Saturday, January 15, 2005

Dads fight for parenting rights

Daily Camera

Dads fight for parenting rights
Fathers sue state demanding equal custody
By Christine Reid, Camera Staff Writer January 15, 2005

David Arnsberger left several successful enterprises in Texas and became a stay-at-home dad in 1998 when he and his wife moved to Colorado so she could pursue her career.

Three-and-a-half years later, Arnsberger said, their 15-year marriage crumbled and he was kicked out of his Boulder house because of a temporary restraining order. More traumatic for the man who had been the primary care-giver for his then-5-year-old son and 7-month-old daughter was the possibility he might lose the right to see them because his estranged wife wanted sole custody.

"It's like I was in Oz," said Arnsberger, 53.

In less than three years, Arnsberger said he has spent more than $100,000 for attorneys, mediators, arbitrators, special advocates and therapists and his fight to get equal joint custody continues without an attorney because he is out of cash as a substitute teacher.

Arnsberger said one Boulder County magistrate agreed his circumstances would be different if he were the kids' mother, instead of their father.

"The judge said 'If you were a woman, you'd get half the house, the car, the kids and child support,'" Arnsberger said.

Arnsberger's plight is not an anomaly. Thousands of Colorado fathers sued the state in November, demanding they get an even split in parenting duties with their childrens' mothers.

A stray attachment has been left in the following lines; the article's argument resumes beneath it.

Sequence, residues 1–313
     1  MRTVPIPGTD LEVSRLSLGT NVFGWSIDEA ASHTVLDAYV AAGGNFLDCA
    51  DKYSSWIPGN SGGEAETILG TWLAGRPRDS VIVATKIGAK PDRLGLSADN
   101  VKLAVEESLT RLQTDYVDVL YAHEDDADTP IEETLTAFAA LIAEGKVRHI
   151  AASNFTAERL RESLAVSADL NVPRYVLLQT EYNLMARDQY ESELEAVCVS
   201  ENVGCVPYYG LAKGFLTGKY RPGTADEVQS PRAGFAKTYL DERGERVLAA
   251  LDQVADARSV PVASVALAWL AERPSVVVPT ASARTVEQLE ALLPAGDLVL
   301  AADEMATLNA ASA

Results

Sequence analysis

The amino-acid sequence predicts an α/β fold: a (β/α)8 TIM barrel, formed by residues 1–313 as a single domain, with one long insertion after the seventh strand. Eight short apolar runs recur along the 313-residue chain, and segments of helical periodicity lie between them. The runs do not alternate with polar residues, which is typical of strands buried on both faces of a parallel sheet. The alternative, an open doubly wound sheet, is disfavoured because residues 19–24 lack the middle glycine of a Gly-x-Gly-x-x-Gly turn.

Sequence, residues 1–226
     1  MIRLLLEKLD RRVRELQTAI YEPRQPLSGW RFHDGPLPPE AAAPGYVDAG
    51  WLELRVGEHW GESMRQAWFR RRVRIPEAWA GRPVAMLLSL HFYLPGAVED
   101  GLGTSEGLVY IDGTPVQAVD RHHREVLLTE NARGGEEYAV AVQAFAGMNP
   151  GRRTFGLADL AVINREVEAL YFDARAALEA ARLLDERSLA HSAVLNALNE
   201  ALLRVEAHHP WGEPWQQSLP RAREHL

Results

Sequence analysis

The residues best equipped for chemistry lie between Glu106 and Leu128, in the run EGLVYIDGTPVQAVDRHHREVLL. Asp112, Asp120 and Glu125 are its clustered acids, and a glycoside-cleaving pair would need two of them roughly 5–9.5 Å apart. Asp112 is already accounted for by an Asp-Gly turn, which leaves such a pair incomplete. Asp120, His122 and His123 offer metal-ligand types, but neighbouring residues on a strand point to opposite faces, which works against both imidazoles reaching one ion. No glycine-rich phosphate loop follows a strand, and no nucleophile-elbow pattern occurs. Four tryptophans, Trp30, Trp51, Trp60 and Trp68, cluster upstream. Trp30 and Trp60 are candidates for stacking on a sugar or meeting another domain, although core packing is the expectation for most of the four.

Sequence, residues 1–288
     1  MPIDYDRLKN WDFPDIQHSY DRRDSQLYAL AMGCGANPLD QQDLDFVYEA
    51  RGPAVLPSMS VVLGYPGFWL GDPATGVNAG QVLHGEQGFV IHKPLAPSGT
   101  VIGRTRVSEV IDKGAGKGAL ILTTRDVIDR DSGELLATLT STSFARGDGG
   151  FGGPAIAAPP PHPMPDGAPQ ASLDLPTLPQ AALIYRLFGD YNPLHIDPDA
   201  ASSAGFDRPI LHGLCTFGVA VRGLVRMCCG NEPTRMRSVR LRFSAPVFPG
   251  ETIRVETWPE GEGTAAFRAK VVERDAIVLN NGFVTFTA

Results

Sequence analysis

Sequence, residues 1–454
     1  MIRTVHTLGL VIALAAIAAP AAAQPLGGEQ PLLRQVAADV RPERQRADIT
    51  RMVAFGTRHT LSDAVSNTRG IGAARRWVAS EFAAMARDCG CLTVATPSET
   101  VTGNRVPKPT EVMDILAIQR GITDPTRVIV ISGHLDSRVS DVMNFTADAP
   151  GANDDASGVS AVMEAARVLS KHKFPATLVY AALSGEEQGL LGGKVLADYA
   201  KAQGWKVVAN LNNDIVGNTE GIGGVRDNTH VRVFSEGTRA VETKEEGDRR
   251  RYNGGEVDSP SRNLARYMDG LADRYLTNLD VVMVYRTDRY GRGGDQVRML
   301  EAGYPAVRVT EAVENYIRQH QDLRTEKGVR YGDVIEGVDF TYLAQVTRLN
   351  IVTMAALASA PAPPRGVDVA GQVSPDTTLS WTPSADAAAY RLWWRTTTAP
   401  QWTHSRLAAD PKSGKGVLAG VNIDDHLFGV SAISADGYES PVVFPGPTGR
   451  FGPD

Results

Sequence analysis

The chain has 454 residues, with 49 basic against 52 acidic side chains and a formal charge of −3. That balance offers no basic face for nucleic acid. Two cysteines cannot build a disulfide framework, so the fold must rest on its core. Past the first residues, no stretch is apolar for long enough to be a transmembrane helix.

The class-action lawsuit is similar to the nearly 50 filed in other states last year, claiming men's civil and constitutional rights are being trampled when family courts grant anything less than equal parenting time in contested divorces when neither parent has done anything wrong.

"We want the problem to be recognized," said Troy Kramer, a Highlands Ranch man who is heading up the Colorado suit, which continues to collect names. "Ultimately, we want a change."

Kramer, who gets to see his daughter four nights a week, said studies have shown kids who have both parents in their lives are happier and better adjusted than those who don't. He said he doesn't understand why the courts don't get it.

"It's really, really scary," Kramer said.

Melinda Taylor, the state's judicial education coordinator, said equal parenting time and other fatherhood issues will be addressed at the next conference this spring for judges rotating into family court. She said it wasn't in response to the plethora of lawsuits, but rather because it's a "hot topic" nationally."

In reality, (judges) are making decisions in the best interest of the child, regardless," Taylor said. "Every year we try to focus on getting balance and educating them."

Robert Muchnick, who in 1998 founded the Center for Children's Justice in Denver, said children have the right to be raised by both parents, and family courts have too often stripped them of that right.The problem is extensive, he said.

Nearly two-thirds of marriages that end in divorce involve children. Even the 10 percent of divorces that end "amicably" tend to result in the father getting the kids every other weekend and one night a week, Muchnick said.

"It's the quietest catastrophe that's ever occurred in human history," Muchnick said.

Contact Camera Staff Writer Christine Reid at (303) 473-1355

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